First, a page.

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Tag Archives Ireland

SERMON ON THE MOUNT

The plaque has been placed high onto the front wall

of a terraced house in the street next to ours –

and is, in effect, a terracotta tile,

roughly a foot-and-a half by a foot,

with a raised border, and lettering

and numerals probably executed

by a gravestone mason, who maybe lived there.

The date inscribed is 1872 –

the words, first in English and then in Welsh,

‘Blessed are the meek. Matthew V.v’.

 

When the railways came in the 1850s

bringing the London-Holyhead line,

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THE MERMAID’S PURSE

For Evie Chapman

 

She fetches me a mermaid’s purse she has found

among the seaweed where the sand

meets the mound of pebbles the waves have built

and rebuilt over the centuries.

The small black pouch, with tendrils like broken straps

and firm as dried leather, is an empty

egg case, from which a shark or a ray hatched

on the seabed, probably between here

and Ireland. Tides detached and chance brought

this empty womb,

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2019

‘O what fine thought we had because we thought

That the worst rogues and rascals had died out.’

NINETEEN HUNDRED AND NINETEEN, W.B. Yeats

 

Where the four main thoroughfares of our erstwhile

Roman city meet, a many-legged dragon,

in vivid gold and red, curved and reared, to gongs,

drums, fire crackers on a February day.

Dancers whirled long white ribbons, a whorl

of streamers like a wild, wispy sky.

This was the year of the omnivorous Pig,

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A WINNING HAND

We met on the first working day of the week;

married, five years later, on a Saturday;

and sailed for Ireland on the Sunday.

This Monday marks fifty two years of mostly

wedded bliss; occasional toilsome woe;

loving; giving; hard work; grace – a pack of cards

without, for the most part, the jangling jokers.

 

Out of the grassy plains, along the Silk Road

from Samarkand, came the colours of

anarchy, of power and passion; came

the four corners of the world,

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GOLDEN

As luck would have it, we were married this day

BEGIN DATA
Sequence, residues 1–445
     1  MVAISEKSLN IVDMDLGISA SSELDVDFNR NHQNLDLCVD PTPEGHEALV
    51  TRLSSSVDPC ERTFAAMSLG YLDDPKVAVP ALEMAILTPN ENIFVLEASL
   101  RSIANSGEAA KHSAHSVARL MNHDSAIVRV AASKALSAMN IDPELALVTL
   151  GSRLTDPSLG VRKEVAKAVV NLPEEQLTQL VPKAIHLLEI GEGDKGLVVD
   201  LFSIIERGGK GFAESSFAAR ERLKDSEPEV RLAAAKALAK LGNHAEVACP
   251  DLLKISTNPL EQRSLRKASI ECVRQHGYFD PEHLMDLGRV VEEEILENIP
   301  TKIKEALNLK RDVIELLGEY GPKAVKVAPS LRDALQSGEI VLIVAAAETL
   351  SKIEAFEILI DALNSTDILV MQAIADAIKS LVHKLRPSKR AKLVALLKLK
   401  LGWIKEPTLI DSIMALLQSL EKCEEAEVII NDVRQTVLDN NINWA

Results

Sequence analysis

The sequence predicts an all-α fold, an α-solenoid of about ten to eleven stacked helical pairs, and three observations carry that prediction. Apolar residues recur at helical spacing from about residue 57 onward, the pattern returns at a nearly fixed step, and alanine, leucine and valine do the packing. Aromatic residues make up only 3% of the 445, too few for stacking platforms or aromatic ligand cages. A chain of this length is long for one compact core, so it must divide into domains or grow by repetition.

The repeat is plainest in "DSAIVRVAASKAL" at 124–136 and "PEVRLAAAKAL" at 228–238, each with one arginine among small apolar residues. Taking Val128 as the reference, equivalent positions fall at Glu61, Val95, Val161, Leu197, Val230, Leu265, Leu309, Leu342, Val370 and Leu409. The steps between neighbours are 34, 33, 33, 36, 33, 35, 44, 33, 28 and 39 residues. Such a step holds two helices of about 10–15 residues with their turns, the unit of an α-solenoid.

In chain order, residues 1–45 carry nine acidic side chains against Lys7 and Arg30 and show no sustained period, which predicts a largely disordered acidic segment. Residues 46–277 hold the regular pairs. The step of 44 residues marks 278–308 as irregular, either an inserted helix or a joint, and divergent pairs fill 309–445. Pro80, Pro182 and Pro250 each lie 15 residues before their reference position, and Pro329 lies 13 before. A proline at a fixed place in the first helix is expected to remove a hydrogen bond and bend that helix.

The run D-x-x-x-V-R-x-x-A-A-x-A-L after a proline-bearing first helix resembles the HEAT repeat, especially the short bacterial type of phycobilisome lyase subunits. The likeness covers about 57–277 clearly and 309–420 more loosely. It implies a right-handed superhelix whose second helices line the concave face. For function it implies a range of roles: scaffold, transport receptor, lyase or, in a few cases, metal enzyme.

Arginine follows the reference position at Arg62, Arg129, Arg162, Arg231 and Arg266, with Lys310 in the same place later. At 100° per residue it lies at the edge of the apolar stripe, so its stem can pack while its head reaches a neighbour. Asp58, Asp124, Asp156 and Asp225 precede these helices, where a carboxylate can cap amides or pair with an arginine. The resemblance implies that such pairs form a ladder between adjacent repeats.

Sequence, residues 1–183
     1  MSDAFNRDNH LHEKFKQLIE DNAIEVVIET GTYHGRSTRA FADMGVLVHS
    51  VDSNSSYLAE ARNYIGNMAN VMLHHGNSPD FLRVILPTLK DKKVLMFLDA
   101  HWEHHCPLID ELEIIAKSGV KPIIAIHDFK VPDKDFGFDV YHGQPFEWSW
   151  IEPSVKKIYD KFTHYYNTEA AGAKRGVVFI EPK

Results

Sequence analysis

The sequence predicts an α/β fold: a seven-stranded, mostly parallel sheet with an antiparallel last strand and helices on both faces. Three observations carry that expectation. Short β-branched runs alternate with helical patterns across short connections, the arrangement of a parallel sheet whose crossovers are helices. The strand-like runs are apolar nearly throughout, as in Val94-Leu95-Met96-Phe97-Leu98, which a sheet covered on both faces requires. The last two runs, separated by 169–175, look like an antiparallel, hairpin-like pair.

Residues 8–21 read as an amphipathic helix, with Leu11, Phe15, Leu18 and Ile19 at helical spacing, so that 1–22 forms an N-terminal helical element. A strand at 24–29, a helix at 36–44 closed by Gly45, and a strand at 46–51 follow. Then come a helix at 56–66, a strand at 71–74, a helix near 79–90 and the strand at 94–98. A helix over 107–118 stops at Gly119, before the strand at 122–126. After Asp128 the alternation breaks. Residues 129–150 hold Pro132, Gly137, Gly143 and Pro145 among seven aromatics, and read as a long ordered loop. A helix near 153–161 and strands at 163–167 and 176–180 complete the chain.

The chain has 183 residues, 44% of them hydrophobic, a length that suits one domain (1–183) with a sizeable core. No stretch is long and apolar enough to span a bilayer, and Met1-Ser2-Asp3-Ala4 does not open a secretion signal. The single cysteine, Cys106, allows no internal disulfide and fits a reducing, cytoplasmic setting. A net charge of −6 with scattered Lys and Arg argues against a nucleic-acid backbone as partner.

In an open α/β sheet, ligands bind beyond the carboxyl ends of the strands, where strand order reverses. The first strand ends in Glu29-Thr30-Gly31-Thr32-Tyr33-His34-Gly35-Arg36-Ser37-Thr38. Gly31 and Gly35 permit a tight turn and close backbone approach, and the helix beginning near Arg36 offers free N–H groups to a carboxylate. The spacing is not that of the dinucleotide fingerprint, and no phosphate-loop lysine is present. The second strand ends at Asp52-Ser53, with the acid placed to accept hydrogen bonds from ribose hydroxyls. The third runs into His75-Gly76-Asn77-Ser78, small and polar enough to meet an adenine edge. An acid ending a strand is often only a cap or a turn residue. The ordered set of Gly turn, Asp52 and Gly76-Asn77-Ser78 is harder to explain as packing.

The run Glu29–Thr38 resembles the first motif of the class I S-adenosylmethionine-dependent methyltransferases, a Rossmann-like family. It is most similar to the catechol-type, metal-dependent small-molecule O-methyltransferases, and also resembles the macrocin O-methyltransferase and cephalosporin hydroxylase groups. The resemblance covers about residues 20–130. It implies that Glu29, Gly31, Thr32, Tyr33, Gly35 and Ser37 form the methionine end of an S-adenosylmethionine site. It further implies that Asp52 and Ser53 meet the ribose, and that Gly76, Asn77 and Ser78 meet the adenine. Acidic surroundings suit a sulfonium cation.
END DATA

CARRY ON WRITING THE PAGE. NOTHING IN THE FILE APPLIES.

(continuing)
exactly half a century ago.

We holiday with our small family

to avoid the inevitable party

and announce our golden wedding to friends

via Facebook – and receive some humbling

encouragements that speak not simply

of being there like pebbles as the tide

ebbs and flows but of inspiration.

 

We chose to honeymoon by Bantry Bay.

Ireland spoke of mystery and romance –

to us ignorant of its privations.

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LESS THE PRICE OF THE MEDAL

Felicia Hemans

 

 

PROLOGUE

 

In 1962, the year the Pope excommunicated Fidel Castro

and the USA and USSR went toe-to-toe,

I won the Felicia Hemans’ prize for lyric poetry,

open to students and alumni of the University of Liverpool.

 

Mrs Hemans, born in Liverpool, but living

most of her life in North Wales, a best selling poet,

a child prodigy, a prolific adult, whose work

was admired by Wordsworth and Landor,

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SAPPHIRE

We came here first maybe fifty years ago –

Porth Trecastell aka Cable Bay

(on Ynys Môn aka Anglesey) –

a small Iron Age hill fort on one headland,

a Neolithic grave on the other,

and a telephone cable to Ireland

in between. This bank holiday the bay

is busy – paddlers, bathers, canoeists.

 

In the gated burial chamber –

Barclodiad y Gawres, which translates,

‘the full apron of the giantess’ –

its prehistoric graffiti secured

against vandals,

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THE EMBRACE OF NOTHING



i

Rome’s legionnaires quarried its sandstone cliffs

and Ptolemy put the Dee on the map.

William the Conqueror, in winter,

force-marched his army over the Pennines

to reach the river and waste the town – the last

to submit.  For eighteen years, Prince Gryfyd

ap Cynan, shut in the keep, heard only

the river’s voice, dyfrdwy, dyfrdwy.

Parliament’s forces sent fire rafts downstream

to purge besieged citizens. On its banks,

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THE EMBRACE OF NOTHING

Chester, View from a Balloon, John McGahey, 1855

i

Rome’s legionnaires quarried its sandstone cliffs

and Ptolemy put the Dee on the map.

William the Conqueror, in winter,

force-marched his army over the Pennines

to reach the river and waste the town – the last

to submit.  For eighteen years, Prince Gryfyd

ap Cynan, shut in the keep, heard only

the river’s voice, dyfrdwy, dyfrdwy.

Parliament’s forces sent fire rafts downstream

to purge besieged citizens.

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